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2015 MLB Draft: Second round hitters review and results

Andrew Stevenson
Andrew Stevenson
Steven Branscombe-USA TODAY Sports

Continuing with our reviews of the results of the 2015 MLB Draft, we turn to hitters drafted in the second round.We wrote up the pitchers earlier today. The original comment written back on draft day in June is in italics.

45) Texas Rangers Eric Jenkins, OF, West Columbus HS, Chadbourn, North Carolina: Hits left, UNC-Wilmington commit, stands out for speed/defensive ability in center field, an immature hitter at this point who will need development time. Projects as leadoff man if bat develops as hoped. Very much a Rangers style pick, will need time but high upside. RESULTS: Hit .262/.348/.349 in 195 at-bats, mostly in the Arizona Rookie League but with five games at Low-A Hickory to finish the season. Stole 28 bases in 30 attempts, 24 walks, 61 strikeouts. Showed expected speed on bases though other phases of game need work; no power yet but some could develop in time. Promising, fits the Rangers mold perfectly. B-.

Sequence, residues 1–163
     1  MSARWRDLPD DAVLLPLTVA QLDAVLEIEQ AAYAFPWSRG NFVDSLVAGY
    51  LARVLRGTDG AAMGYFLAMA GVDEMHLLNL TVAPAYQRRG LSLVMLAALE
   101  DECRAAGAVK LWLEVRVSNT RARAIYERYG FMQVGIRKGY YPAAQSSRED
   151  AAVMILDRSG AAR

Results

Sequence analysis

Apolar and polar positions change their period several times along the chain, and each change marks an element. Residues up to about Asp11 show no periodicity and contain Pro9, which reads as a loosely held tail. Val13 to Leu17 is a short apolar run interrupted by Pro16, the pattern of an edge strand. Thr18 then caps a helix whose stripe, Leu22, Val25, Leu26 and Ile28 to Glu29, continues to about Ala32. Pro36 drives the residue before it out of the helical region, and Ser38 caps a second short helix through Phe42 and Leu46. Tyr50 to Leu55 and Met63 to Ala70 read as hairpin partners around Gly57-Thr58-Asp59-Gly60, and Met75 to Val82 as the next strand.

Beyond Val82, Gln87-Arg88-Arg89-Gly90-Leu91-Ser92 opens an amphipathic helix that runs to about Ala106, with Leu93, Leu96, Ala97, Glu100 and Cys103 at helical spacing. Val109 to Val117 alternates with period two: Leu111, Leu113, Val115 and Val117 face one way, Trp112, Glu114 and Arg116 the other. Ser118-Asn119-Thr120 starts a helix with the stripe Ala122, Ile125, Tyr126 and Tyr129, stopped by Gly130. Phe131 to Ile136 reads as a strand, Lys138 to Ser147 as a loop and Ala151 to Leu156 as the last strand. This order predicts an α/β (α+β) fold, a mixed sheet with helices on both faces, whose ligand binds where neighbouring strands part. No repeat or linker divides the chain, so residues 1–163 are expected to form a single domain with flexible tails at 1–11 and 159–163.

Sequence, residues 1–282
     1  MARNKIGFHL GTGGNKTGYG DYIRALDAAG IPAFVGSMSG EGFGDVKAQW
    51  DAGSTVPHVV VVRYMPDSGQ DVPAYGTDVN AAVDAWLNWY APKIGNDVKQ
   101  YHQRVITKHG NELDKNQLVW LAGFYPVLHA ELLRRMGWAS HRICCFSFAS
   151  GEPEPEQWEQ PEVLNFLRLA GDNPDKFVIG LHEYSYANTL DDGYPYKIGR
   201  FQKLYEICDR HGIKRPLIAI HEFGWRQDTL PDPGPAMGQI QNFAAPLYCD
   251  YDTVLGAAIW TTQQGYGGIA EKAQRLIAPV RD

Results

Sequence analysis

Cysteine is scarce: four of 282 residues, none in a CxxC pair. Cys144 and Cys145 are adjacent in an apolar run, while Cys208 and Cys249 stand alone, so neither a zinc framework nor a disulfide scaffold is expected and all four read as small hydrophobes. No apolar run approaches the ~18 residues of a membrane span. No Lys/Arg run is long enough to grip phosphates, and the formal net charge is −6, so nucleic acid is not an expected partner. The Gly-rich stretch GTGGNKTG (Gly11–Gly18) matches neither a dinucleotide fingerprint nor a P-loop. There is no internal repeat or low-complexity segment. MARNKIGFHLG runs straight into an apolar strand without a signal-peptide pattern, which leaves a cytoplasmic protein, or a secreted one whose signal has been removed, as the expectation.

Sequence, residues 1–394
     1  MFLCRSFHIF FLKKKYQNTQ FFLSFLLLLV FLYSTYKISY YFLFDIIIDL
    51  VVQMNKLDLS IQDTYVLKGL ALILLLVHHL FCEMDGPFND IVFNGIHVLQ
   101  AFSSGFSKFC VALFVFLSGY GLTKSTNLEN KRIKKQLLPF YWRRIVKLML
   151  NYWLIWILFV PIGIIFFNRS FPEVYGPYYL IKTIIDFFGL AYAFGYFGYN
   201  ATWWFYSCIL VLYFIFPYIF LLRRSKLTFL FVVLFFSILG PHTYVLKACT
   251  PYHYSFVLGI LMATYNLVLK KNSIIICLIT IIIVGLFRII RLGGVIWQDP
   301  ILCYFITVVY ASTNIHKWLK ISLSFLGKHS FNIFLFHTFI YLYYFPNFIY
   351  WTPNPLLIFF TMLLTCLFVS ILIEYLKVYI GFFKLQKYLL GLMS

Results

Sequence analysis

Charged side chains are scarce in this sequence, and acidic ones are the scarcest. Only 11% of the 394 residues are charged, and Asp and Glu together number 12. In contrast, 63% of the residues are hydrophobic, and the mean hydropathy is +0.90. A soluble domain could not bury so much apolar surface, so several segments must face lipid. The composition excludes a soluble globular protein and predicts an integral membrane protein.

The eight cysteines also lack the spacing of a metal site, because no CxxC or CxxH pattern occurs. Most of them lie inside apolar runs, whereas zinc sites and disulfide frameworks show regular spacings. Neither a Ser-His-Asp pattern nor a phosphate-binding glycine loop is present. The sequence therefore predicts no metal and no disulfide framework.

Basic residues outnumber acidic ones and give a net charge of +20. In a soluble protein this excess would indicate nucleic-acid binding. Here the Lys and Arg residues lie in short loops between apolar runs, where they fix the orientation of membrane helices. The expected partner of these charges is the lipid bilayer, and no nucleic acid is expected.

47) Chicago Cubs Donnie Dewees, OF, University of North Florida: Junior, hits left, mashed at .422/.483/.749 with 18 homers, 23 steals, 30/16 BB/K in 251 at-bats. Intriguing power/speed combo with mature hitting approach, also strong record with wood bats. Cubs continue to stockpile hitters. RESULTS: Hit .266/.306/.376 with 19 steals, 14 walks, 54 strikeouts in 282 at-bats in Northwest League. Note deterioration in BB/K/PA from college, showing you the difference between NCAA and MiLB. Fast, more power should come, will have to see about OBP. B-/C+ territory.

48) Philadelphia Phillies: Scott Kingery, 2B, Arizona: Junior, hits right, batted .392/.423/.561 with 9/18 BB/K in 237 at-bats, stole 11 bases, was more aggressive this year lowering walk rate but showing more pop, defense solid, can also play outfield. Rumored as high as late first round or as late as third round, so early second is a plausible slot. RESULTS: Hit .250/.314/.337 with 11 steals, 18 walks, 43 strikeouts in 252 at-bats in Low-A. Glove remains solid at second, production was rather blah at this stage but pro transition isn't automatic if you're not Andrew Benintendi. C+.